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After Damascus embassy attack, what will Iran do?

Abbas al-Khashali
April 3, 2024

Iran has vowed to retaliate for an attack on its diplomatic buildings in Syria, likely by Israel. Options include everything from further attacks by Iran's regional proxies to all-out war.

An Iranian flag hangs as smoke rises after what the Iranian media said was an Israeli strike on a building close to the Iranian embassy in Damascus
Image: Firas Makdesi/REUTERS

As soon as the pictures of destroyed buildings, part of an Iranian embassy complex in the Syrian capital, Damascus, turned up online, the question was asked: How would Iran react?

The airstrike killed 13 people, according to Iranian state media. This included five officers and two generals of the Iranian Revolutionary Guard. Several Syrians were also killed but have not been identified.

The airstrike on the building, marked "consular section of the Iranian embassy" and apparently closed because of a holiday, was widely attributed to Israel even though Israeli officials did not make any comment on the attack. Israel rarely acknowledges strikes on Iranian targets although other news sources, including the New York Times and Reuters cited anonymous Israeli officials who acknowledged they had carried out the airstrike.

Iranian officials reacted angrily. Iran's Supreme Leader Ayatollah Ali Khamenei wrote that Israel "will be punished by the hands of our brave warriors" — a statement observers suggested meant retaliation might come directly from Iran, rather than from its proxies.

Iran supports a number of groups around the region with varying degrees of material, military, financial and advisory aid. This includes Hamas in Gaza, the Houthi rebels in Yemen and various militias in Iraq, who have tended to attack US bases there in retaliation for Israeli actions in the past. It also includes Hezbollah in Lebanon, which plays a significant political and societal role in the country and is the most powerful of various Iranian allies.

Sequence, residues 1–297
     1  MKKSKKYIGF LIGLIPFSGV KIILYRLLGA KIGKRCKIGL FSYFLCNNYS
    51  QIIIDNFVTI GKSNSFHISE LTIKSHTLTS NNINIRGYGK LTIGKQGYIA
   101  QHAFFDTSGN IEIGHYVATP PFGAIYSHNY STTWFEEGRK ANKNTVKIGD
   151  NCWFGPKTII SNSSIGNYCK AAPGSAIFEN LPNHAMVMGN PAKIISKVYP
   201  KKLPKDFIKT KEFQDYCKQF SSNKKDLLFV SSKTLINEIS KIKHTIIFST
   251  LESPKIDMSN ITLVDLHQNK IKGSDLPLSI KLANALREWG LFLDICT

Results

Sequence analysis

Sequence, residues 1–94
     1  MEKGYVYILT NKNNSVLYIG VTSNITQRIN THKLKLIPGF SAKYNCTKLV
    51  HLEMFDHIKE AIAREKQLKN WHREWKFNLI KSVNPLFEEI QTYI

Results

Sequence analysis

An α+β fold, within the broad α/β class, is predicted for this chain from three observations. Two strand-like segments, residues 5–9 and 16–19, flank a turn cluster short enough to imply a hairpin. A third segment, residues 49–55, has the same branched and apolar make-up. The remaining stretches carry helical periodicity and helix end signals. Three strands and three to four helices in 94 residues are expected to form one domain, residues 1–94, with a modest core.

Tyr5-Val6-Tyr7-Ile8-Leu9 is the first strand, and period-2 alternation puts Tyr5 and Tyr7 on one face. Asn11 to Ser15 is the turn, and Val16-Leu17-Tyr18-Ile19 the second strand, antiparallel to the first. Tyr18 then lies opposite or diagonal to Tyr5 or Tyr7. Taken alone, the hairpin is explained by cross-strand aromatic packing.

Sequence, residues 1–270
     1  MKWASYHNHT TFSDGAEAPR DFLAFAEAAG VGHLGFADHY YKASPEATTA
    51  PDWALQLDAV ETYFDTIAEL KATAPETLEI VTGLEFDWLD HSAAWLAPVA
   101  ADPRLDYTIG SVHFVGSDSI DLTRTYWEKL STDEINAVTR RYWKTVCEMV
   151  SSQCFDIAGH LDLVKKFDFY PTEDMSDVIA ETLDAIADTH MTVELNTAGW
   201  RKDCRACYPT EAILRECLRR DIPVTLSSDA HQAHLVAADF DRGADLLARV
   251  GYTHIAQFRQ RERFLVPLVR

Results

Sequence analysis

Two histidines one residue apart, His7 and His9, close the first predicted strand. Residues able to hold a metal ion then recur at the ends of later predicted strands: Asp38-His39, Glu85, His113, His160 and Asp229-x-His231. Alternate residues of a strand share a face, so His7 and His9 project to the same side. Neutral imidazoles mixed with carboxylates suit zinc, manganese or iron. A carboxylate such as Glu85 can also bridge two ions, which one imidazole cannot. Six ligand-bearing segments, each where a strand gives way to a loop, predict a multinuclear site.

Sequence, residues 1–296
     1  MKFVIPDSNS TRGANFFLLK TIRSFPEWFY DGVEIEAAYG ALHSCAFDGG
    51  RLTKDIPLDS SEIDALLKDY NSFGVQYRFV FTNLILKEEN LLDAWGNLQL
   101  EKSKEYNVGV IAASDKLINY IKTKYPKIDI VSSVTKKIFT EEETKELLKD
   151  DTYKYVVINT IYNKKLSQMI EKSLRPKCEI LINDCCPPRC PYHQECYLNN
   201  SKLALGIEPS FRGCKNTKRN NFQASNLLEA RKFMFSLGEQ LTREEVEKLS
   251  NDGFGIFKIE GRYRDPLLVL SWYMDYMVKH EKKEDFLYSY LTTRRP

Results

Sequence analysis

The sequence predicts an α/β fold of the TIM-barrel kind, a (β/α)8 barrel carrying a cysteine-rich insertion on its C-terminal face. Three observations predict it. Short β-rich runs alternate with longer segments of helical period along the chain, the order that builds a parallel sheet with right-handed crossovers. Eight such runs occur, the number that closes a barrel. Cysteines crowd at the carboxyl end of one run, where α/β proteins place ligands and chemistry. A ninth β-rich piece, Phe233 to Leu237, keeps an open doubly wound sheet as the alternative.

Supporters of the Houthi movement rally to denounce air strikes launched by the U.S. and Britain on Houthi targets, in Sanaa, Yemen.
Yemen's Houthi rebels say they have caused havoc on the Red Sea in support of the Palestinian causeImage: Khaled Abdullah/REUTERS

What will Iran do?

The attack on the embassy complex in Damascus "brings Israel's confrontation with Iran and Hezbollah to a new pinnacle," journalist Amos Harel wrote in Israeli daily Haaretz this week. "This may be the most dangerous development on the northern front since the war in Gaza began almost six months ago."

But so far, Harel continued, it is not Iran or Hezbollah that has been raising the stakes on the Israeli-Lebanese border. "To a large extent it was actually Israel that consistently raised the price it exacted from its northern adversary," he wrote, explaining that Israel's target group has expanded as has how far Israeli strikes reach into foreign territory.

Iran knows the rules of the game of "deterrence" it plays with Israel and the US but will be embarrassed if it doesn't respond, Iraqi researcher and political analyst Hamid al-Kafaei told DW Arabic. However al-Kafaei doesn't think Iran will respond directly. "Iran … knows very well that there are no limits to any Israeli response," al-Kafaei  said.